True Story: I Got Fired for Being Sick
I remember what it felt like to get fired for being sick: that pit in the middle of my belly that caused my mouth to go dry, my voice to shake, and my face to flush with shame. Sitting around a table with multiple bosses, I couldn’t believe what I was hearing. I did a good job, brought value to my clients, and risked my life to work there. They repaid me by “asking me to leave.”
October is National Disability Employment Awareness Month. As I write this, I’m reliving the pain I experienced during that time. Trauma stores emotions deep within our cells. I feel the twinge of heartache and tears welling up with every word remembered. I can feel the panic, embarrassment, and anger all over again. I can feel the shame that clouded my ability to speak up for myself that day.
It felt like my fault somehow, as if I had control when cystic fibrosis took over. Perhaps it’s the layer of residual shame that still lives within me — the shame that my body determines what I can and cannot do. That’s a tough pill to swallow, especially when my mind wants to go farther than my body can carry me most days.
In 2014 I got hit with pneumonia three times in the span of three months. I was hooked to an IV through my sweater at work, pumping my veins full of antibiotics in hopes of being able to breathe again. It was clearly the season for pneumonia, as other co-workers had been hit, too. They told me it took them months to bounce back to normal. Little did anyone know I was already breathing at a deficit: I’d kept my disease secret.
I worked as a school social worker through a nonprofit that specialized in working with individuals with disabilities. The irony is not lost on me: I was fired for bearing the very burden they pledged to support. I came back early from my last hospital stay that season so I could finish out the school year with my students. Still on IVs, I cranked out paperwork and final visits despite my chaotic sleep schedule and pure exhaustion.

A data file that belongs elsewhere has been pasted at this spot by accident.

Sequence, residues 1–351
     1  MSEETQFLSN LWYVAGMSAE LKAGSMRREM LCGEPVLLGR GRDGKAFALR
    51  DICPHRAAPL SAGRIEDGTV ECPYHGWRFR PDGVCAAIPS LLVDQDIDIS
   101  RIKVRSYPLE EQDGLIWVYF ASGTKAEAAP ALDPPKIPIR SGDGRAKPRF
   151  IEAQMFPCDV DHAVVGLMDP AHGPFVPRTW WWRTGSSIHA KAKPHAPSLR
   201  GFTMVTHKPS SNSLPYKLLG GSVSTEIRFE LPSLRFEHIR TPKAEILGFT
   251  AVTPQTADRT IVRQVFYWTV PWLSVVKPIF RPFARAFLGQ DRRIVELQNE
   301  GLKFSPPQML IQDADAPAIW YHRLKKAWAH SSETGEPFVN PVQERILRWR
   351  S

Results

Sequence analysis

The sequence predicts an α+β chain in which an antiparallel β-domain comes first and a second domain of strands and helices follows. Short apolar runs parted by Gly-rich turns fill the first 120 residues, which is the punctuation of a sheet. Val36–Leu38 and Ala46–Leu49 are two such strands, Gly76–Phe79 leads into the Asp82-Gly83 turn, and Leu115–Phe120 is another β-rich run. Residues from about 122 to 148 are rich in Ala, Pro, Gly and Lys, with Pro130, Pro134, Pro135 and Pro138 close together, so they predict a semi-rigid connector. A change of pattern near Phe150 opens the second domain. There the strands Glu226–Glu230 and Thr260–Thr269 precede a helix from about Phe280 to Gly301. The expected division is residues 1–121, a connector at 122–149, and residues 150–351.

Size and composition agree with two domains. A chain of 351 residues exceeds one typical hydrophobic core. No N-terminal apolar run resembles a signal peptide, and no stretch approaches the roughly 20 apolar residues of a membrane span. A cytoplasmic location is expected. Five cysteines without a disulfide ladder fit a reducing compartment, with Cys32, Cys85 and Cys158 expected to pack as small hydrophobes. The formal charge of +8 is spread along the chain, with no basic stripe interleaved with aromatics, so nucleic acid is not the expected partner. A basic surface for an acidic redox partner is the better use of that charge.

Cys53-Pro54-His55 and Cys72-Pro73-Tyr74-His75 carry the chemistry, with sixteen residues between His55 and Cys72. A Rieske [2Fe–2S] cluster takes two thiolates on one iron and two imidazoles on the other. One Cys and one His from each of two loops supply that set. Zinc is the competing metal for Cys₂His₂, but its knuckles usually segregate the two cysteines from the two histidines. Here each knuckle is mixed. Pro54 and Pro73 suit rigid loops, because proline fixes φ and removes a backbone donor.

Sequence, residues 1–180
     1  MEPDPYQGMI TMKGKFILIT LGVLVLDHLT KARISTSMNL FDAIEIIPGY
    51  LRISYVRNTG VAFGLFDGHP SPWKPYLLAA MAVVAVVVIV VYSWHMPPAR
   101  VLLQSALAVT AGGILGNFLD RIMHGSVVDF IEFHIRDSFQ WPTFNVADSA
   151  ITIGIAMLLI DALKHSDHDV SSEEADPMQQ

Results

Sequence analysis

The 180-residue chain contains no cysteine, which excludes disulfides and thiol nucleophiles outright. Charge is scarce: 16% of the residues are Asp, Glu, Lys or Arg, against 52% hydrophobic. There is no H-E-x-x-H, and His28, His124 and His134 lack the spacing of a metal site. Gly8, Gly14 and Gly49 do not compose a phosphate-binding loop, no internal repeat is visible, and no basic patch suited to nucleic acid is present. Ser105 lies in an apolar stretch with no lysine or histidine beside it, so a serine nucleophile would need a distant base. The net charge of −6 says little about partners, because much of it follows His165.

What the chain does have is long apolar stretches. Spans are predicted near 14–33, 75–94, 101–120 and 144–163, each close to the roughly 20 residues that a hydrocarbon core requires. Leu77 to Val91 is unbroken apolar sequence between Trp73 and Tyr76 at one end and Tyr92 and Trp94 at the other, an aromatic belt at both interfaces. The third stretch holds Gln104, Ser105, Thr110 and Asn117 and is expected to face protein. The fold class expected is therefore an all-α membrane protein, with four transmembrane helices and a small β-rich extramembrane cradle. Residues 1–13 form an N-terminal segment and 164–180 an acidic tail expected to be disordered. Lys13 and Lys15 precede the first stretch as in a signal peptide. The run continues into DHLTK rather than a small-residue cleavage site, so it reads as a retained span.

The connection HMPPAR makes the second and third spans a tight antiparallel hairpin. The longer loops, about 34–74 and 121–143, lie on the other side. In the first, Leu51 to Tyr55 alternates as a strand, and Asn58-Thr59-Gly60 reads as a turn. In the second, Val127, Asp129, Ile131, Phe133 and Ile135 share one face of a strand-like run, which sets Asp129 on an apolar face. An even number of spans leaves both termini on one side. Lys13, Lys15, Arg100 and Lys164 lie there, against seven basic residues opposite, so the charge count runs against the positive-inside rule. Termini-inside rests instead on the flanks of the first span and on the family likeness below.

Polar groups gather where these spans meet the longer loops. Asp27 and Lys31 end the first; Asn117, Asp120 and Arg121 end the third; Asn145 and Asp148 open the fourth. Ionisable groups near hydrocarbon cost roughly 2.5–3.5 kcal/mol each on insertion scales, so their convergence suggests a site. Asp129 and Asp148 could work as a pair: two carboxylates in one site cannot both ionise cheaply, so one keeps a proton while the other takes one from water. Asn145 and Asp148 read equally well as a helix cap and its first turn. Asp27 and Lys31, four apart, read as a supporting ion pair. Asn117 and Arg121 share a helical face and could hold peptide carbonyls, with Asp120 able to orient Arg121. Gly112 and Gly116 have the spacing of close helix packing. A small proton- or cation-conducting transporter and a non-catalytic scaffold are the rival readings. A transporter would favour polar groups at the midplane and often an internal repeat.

The school’s principal informed my supervisor: We don’t give pity interviews. Both of my higher-up bosses stared at me blankly, unable to comprehend why I didn’t meet the attendance policy. Apparently, hospitalizations weren’t excused absences. They “allowed” me to work through the summer because they didn’t have anyone else. Their attitude of “doing me a favor” left me bitter.
This organization reinforced why I chose to hide my disease from employers. Making me feel like I have to hide this part of me that I can’t control screams shame. I didn’t know how to articulate that CF is an unpredictable beast that rears its ugly head without a moment’s notice. Nor did I know how to advocate for myself at the time. I was timid and afraid of standing up to “authority” figures, especially ones who were signing my paychecks. It didn’t help that I felt “less than” able-bodied people because of CF.
If I could turn back time, I would teach them how to speak to individuals with disabilities. I would show them my scars and how proud I am to bear them. I would change their limited perception of people who don’t fit their mold. I would quit the place that broke me before they had the chance to write me off for being sick.
Here’s what I know: Knowledge is power. Wisdom is valuable. Understanding is priceless. Know your rights. Trust your instincts. Channel your inner advocate. I no longer have the luxury of being silent anymore. I cannot stand by while talented individuals who happen to have disabilities are not chosen over the able-bodied. There is a stronger force driving me to speak up for those that won’t for themselves.
Shame is sneaky. It tells you the lie that we will never measure up. Those of us with chronic illness feel like we are already operating at a deficit. Competing with able-bodied individuals makes it so we never feel good enough to qualify.
Although, we don’t have to engage in competition. We can invite others into our secret worlds enough to see how truly valuable we are. I challenge you all to allow your unique gifts to be seen – as we are all an intricate piece of the divine puzzle.
To the able-bodied: I pray you give us the opportunity to prove all your preconceived notions wrong.
To the rest of us: I pray you know your worth, fight for equality, and speak up even if your voice shakes.
It’s our time to shine. Let’s rise up together and show the world what we’re made of: bravery, brilliance, and badassery packaged as “differently abled.”
Note: Cystic Fibrosis News Today is strictly a news and information website about the disease. It does not provide medical advice, diagnosis, or treatment. This content is not intended to be a substitute for professional medical advice, diagnosis, or treatment. Always seek the advice of your physician or other qualified health provider with any questions you may have regarding a medical condition. Never disregard professional medical advice or delay in seeking it because of something you have read on this website. The opinions expressed in this column are not those of Cystic Fibrosis News Today, or its parent company, BioNews, and are intended to spark discussion about issues pertaining to cystic fibrosis.